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MIDEAST MIRROR 10.06.15, SECTION C (TURKEY & IRAN)

 

1-From today’s Turkish press

 

GENERAL ELECTIONS RESULTS: Gonul Tol argues that that the EU and Washington read last weekend’s election results differently in centre-left Radikal: "The European Union is pleased that there has been no election fraud, and that a weakened AKP [ruling Justice and Development Party] has come out of the ballot box after a very tense and antidemocratic electoral campaign. Another pleasing development as far as the EU is concerned is that the HDP has passed the 10% electoral threshold and that it represents the Kurdish political movement in parliament. While the EU is evaluating the results within the context of Turkish democracy, Washington is approaching the issue from the point of view of regional policy, especially the Syrian perspective. That is why the picture that has emerged after the elections is not that bright for the U.S. when compared to Europe."

Sami Kohen predicts a foreign policy shift in centrist Milliyet: "The political picture that has emerged after the election shows that even if it forms the next government, the AKP, which has lost its majority, will be unable to conduct its foreign policy with the same degree of comfort as before. If a coalition is formed, the ideas and red lines of the party that will become partner in government will need to be taken into account. There are many sensitive foreign policy problems on Turkey's agenda. While the new government deals with them, it should take account of the attitude of the coalition partners and fine-tune its foreign policy accordingly."

Ceyda Karan believes that the change in the national mood was reflected elsewhere in secular, Kemalist Cumhuriyet: "On the morning of June 8th the people of Turkey were not the only ones to breathe a sigh of relief. We were fed up with the domestic discourse that polarized and divided the country with the object of driving people to clash with each other. It is possible that those who attach significance - by safeguarding their own interests of course - to economic and political cooperation with a country such as Turkey that links Europe to the Middle East, do not have a different view. They have also been suffering from the rhetoric which has turned foreign policy traditions upside down and linked every issue to baseless conspiracies."

Orhan Miroglu claims that Turkey came under outside pressures in centre-right, pro-government Star: "If Turkey is talking about a coalition today and if the birth of a one-party system [based on the HDP - pro-Kurdish leftist alliance] is emerging in one region of Turkey, this is because of the bill that the international powers have forced Turkey to pay since it has implemented the [Kurdish] peace process as a national project. This is a form of a punishment. What was done with weapons in Syria has been done through the ballot box in Turkey."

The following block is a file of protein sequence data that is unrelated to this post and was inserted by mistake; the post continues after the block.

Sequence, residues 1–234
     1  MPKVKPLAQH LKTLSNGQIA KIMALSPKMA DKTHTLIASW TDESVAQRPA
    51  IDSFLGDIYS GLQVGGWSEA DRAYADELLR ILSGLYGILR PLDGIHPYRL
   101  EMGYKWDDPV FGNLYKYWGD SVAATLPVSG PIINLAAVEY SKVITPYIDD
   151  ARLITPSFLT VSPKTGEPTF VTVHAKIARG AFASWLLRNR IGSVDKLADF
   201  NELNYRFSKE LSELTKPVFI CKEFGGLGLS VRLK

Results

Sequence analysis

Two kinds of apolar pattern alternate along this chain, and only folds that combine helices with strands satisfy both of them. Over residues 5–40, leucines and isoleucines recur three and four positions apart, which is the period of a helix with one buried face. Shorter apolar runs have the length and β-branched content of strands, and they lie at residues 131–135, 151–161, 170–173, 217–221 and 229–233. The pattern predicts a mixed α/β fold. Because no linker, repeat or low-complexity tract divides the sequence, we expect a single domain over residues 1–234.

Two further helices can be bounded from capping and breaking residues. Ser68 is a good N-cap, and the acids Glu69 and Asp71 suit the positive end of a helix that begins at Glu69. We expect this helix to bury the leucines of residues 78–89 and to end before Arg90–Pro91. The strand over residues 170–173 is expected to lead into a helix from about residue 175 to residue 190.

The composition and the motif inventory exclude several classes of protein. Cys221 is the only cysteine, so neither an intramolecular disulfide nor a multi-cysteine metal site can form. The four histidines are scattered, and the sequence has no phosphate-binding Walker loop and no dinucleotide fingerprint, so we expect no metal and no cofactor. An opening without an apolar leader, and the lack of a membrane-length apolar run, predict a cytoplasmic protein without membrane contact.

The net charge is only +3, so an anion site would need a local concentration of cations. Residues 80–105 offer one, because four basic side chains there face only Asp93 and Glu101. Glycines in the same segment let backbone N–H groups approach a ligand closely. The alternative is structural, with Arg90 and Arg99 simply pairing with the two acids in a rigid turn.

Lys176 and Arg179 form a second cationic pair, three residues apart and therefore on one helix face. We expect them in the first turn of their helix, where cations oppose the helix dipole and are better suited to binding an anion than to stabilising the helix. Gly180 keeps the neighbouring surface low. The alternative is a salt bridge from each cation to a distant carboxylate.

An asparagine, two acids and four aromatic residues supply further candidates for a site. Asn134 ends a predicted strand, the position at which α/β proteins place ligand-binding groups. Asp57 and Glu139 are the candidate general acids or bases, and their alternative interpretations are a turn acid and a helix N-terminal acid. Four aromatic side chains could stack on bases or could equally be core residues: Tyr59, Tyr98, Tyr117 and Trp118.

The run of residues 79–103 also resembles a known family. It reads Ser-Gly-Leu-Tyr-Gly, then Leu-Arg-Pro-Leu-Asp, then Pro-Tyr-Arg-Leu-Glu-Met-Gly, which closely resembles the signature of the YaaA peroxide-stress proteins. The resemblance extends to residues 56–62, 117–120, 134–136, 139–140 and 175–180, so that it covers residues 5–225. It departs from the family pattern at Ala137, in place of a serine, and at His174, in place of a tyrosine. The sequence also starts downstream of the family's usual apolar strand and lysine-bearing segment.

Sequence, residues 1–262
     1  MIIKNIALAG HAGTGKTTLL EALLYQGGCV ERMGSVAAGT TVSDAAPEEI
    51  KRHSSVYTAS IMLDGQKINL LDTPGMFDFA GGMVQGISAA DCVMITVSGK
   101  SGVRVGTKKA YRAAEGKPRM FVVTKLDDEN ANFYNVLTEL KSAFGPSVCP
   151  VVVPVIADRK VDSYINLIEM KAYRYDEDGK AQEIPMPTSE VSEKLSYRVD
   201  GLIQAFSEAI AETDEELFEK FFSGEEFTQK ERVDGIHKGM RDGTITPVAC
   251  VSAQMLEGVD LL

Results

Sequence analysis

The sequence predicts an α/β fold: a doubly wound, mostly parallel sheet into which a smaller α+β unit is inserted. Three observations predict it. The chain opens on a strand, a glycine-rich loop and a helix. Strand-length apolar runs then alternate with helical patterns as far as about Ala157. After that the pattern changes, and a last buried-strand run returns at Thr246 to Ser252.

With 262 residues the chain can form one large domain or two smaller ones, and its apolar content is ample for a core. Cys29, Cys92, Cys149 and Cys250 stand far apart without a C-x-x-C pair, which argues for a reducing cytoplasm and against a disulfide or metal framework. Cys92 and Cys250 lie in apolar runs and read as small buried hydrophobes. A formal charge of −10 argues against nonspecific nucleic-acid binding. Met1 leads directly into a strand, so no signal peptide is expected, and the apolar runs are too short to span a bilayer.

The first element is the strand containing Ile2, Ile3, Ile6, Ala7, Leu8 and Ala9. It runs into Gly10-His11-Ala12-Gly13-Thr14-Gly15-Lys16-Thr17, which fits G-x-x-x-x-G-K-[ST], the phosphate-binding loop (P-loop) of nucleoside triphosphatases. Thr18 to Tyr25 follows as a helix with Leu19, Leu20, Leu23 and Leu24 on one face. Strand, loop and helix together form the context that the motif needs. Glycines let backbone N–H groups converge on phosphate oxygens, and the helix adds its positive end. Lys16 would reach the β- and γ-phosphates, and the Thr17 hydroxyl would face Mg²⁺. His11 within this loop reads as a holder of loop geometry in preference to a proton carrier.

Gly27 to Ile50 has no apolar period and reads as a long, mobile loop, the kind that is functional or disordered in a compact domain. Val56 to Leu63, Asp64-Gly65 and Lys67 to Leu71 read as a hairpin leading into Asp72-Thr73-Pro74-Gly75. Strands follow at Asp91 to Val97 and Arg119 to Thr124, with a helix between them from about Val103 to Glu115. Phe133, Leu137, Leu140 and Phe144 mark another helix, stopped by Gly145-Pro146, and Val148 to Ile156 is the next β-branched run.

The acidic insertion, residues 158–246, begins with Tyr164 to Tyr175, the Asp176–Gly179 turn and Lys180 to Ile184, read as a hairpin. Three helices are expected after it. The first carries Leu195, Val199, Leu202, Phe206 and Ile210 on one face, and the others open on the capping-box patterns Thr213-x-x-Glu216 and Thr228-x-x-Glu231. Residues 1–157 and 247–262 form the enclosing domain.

Emin Pazarci suggests that a coalition is on the cards at any moment in centre-right, pro-government Aksam: "The ballot box produced uncertainty on June 7th. Turkey is now talking about coalition models. And what is being generally said is that 'this party will not come together with that; and that that party will not sit with this'. However, there is nothing in politics such as 'this cannot happen'! This is politics; everything can change at any moment."

Hasan Cemal calls for constraining the president in independent online T24: "Unless the answer to the question of who is boss in the AKP becomes clear, the door to normalization cannot be opened in Turkey. Stability in this country is a dream unless [President] Erdogan is restrained within the constitutional framework, and is made to accept the validity of a parliamentary system, not a presidential one; that is to say, what are the constitution’s red lines. Dissent within the AKP cannot be prevented unless the Erdogan problem is resolved. The number of those who became aware of the fact that June 7th represented a sharp lesson is growing within the AKP."